The hearing, billed as the "Overdue Oversight of the Capital City: Part II," was the second time this spring the Republican-led committee dug into local D.C. issues involving crime.
"At this committee’s March 29 hearing, members of the D.C. Council refused to acknowledge the reality. D.C. Council Chair Phil Mendelson went as far as to say there was not a crime crisis in D.C. But the numbers speak for themselves," said Committee Chair, Rep. James Comer.
Afterward, the District’s non-voting congresswoman was left stunned.
"I was surprised but elated. And actually, this hearing was, well, less contentious than I thought it would be," said D.C. Rep. Eleanor Holmes-Norton.
Many people were anticipating a showdown between the Democratic mayor and GOP committee members. However, the over 3-hour hearing largely focused on the U.S. Attorney for D.C. and his impacts on crime in the District.
Many Republicans focused on The Washington Post article that revealed the U.S. Attorney for D.C. did not prosecute 67% of arrests last year. Graves tried to argue that 67% figure included data from before he got into office and that the majority of declinations were drug misdemeanor offenses.
"Bro, you need to do your job," said U.S. Rep. Byron Donalds of Florida.
Rep. Marjorie Taylor Greene of Georgia said she would seek Articles of Impeachment against Graves.
Because Washington D.C. is not a state, the federal government is responsible for prosecuting adult crimes. The U.S. Attorney for D.C. is a President Biden appointee.
D.C. Police stats ahead of Tuesday’s hearing show District crime is up 27%.
FOX 5 is usually asking Mayor Bowser the tough questions on D.C. crime.
"I think everybody should answer questions and I think, you know, sometimes they’re tough and sometimes you know we don’t always want to talk all the time about it, I’ll give you that. But residents --I work for the residents of D.C. they have a right to ask me questions," Bowser said. "They have a right to know what my strategies are. They also have a right to know if I think we’ve fallen short in any regard. They have a right to know if I think we need something that I think we don’t have. I haven’t seen the same willingness in all of our partners and I think that’s important…"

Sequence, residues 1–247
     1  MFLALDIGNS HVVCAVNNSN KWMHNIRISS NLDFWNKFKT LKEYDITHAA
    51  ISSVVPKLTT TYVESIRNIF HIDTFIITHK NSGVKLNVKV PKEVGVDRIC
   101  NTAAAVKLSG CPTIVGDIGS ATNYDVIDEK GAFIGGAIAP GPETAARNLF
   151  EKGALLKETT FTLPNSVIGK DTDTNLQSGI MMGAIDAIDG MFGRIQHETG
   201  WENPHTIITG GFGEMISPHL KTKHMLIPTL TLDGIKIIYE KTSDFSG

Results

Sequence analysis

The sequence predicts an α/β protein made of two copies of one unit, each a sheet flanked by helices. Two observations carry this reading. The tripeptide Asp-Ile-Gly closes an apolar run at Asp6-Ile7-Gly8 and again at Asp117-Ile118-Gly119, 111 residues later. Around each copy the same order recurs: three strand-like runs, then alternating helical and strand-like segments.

The mayor mentioned how not prosecuting misdemeanors creates a sense of lawlessness. She would not directly say Tuesday whether closing schools for the amount of time D.C. did during the pandemic led to the rise in juvenile crime.
She was also pressed on the school system's low-performance scores in math and reading.
A large portion of the hearing involved the mayor and her cabinet using the platform to make a strong argument for D.C. Statehood, even though the matter was shot down by some committee members.
The Democratic committee supported noted how it’s the federal government that is both responsible for the prosecution, detention, and release of adults in D.C.’s criminal justice system.
When asked whether D.C. leaders are unable to get a handle on crime until the federal government steps in, Mayor Bowser responded, "I think the crime issue, not just for us, but nationally is a complicated one. We see spikes in crime all over our country. We see we’re awash with guns. And we need to be very focused in our system, making sure the entire ecosystem is opened up at work."
"While I may not have a direct line of authority to all the hands of the ecosystem, I raise my hand and pledge to the people of D.C. that we’re going to be safe," the mayor added.
U.S. Attorney Graves was asked for data on how many people who were not prosecuted for a misdemeanor went on to commit a homicide. He could not answer for sure and said he would get back to the committee.
The committee chair vowed to work with the District and told the room he had met with Mayor Bowser the week before the hearing.
Some across-the-aisle gestures included a proposal to possibly work with D.C. on funding a new jail and getting more prosecutors to the District.
READ Bowser’s testimony and a letter from the D.C. Police Union below: